The truth is that we aren’t all fast like Liddell was. Some of us are slow. We struggle and suffer through workouts and would rather do almost anything but run. There are, however, others who persevere through workouts in the winter and by spring start thinking about entering local races. It is a good way to remain motivated and do something with your hard work on the treadmill.

If you have never entered a race, there are many distances–5K (3.1 miles), 10K (6.2), Half Marathon (13.1 miles), and Marathon are the most popular. There are trail runs, hill climbs, charity events, and everything in between. In my home town in Colorado we have a Blossom Festival 5K and 5 mile run on trails along the Arkansas River.

I want to encourage you to set some goals for this spring and enter a local race. There are many good reasons: having something to focus your efforts toward, the encouragement that comes from joining other people in a healthy activity, or discovering how you measure up to others in your age category. These are just a few benefits beside the obvious health payback. So, how do you get started? Here are a few tips.

1. Check with your local Parks & Recreation Department to find out if they sponsor any events in your community. Then, get registered. This is the first step–commitment.
2. Depending on the length of event you select (don’t sign up for a marathon if you’ve never done a race before) prepare yourself accordingly. If you want to run a 10K, be prepared to do slow training runs of between 6-8 miles.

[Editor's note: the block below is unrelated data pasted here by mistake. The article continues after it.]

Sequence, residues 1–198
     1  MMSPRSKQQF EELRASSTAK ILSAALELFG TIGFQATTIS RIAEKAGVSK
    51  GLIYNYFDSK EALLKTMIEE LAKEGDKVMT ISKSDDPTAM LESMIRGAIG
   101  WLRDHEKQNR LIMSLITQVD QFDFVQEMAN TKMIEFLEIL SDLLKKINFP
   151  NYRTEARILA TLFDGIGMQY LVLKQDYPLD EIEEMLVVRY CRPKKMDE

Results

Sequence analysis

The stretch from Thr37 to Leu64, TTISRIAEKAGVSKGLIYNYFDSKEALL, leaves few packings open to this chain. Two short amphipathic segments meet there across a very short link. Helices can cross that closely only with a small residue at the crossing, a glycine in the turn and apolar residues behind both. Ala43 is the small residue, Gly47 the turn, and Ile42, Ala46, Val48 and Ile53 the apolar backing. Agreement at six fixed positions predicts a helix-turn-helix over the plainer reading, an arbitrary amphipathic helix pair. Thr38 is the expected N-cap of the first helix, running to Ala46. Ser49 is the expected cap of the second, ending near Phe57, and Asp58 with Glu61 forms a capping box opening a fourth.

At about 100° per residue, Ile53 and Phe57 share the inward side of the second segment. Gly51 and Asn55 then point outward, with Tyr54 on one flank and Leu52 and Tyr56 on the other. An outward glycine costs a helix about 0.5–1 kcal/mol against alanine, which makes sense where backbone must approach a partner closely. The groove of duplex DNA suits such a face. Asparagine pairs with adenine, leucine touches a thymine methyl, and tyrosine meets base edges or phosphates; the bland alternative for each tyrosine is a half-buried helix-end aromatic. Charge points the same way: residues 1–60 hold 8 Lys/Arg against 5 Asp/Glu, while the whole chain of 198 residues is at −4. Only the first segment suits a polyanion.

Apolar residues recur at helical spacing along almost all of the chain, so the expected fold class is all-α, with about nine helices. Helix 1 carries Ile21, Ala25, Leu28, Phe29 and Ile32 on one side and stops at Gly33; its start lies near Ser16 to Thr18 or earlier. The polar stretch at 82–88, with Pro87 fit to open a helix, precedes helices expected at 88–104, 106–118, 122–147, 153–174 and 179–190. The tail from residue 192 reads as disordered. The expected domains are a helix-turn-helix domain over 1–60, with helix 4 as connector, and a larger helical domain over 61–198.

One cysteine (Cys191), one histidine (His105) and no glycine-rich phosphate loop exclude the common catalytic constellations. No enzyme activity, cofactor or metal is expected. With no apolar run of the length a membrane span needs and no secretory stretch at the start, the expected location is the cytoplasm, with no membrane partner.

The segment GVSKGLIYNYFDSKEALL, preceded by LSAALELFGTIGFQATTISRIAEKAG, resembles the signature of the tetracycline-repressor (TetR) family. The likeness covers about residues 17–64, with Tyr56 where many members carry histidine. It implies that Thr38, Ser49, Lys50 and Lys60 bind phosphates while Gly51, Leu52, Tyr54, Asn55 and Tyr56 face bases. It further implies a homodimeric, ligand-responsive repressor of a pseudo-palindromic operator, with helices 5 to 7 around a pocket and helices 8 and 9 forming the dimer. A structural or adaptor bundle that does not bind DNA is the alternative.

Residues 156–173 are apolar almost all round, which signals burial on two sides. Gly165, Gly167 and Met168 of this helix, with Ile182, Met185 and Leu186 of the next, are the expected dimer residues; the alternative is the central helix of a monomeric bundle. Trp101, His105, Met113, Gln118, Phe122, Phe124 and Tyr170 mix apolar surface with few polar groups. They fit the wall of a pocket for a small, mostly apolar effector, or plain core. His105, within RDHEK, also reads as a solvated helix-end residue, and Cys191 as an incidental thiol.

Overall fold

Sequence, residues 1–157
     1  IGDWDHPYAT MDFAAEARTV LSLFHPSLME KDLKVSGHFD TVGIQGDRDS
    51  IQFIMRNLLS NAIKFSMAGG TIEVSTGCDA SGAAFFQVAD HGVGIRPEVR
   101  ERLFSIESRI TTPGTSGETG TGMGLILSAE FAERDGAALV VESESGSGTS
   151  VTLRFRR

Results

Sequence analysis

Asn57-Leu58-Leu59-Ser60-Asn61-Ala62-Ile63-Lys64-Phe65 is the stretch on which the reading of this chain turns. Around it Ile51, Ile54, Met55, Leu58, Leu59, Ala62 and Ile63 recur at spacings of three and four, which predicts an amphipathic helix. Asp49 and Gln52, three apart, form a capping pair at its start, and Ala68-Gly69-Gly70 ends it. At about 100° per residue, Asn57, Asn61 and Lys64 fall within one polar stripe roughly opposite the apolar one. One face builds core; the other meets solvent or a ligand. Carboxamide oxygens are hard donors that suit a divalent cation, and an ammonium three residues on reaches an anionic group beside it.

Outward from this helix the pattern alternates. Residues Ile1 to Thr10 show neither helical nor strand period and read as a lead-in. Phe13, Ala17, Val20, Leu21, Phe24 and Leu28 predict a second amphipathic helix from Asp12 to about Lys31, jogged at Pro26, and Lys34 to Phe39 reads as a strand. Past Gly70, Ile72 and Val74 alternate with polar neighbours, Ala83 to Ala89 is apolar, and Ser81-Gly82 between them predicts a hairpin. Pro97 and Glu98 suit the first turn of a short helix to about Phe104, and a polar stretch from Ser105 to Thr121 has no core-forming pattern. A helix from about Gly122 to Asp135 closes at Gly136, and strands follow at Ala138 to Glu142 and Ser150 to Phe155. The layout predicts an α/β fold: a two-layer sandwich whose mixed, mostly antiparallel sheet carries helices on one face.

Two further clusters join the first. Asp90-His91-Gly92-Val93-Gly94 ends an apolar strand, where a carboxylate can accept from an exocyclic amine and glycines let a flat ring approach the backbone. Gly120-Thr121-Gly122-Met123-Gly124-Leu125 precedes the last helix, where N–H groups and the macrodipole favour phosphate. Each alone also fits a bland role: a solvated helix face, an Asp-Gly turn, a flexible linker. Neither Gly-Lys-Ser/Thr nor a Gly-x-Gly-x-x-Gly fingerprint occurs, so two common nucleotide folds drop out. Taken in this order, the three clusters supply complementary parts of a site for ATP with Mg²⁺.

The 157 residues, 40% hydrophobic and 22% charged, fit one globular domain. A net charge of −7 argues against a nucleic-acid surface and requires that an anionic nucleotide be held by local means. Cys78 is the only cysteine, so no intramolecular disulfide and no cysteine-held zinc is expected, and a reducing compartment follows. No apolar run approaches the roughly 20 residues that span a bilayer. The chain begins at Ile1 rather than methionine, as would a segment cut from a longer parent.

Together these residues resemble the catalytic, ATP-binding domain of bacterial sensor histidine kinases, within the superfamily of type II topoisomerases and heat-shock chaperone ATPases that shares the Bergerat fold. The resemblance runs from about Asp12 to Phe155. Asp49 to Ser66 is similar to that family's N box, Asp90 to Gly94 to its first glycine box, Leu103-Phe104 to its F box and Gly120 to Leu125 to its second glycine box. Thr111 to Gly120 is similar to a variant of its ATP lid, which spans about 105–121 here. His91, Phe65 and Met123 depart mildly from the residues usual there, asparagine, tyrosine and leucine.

3. Weekly runs should include one longer run, one tempo run (shorter distance at the pace you want to run on race day), some limited speed work (shorter intervals).
4. Cross train on off days or rest. Plan on running 4-5 days a week. You should do your long run and tempo run after a light day. You can swim or cycle on off days but don’t overdo these days. You want to feel fresh on days when your workouts are toughest.
5. On race day, go out slow and finish strong. The best runners understand that going out too fast will cost them dearly at the end of the race. We call these negative splits where the first half of a race is slightly slower than the second half. This requires enormous discipline on race day because you are rested and ready to go.
6. A few weeks before you race, go easy on weight-training. Rest more in the last week or two. Good runners know that going into a race fresh is part of the balance between a good time and a frustrating experience.
7. Don’t over-train. This means that you bump up your mileage or speed slowly. Your body must adapt to any new workload. If you want to avoid injury, don’t suddenly go from running 15 miles a week to trying 25 or 30.

In more than thirty years I have done more than 100 races of all kinds. I remember when my boys were small, they’d ask, “Dad, why do you go to these races because you never win!” It was one of those teachable moments. I told them, “I run to do the best I can.”

Comment below and let me know how your journey goes!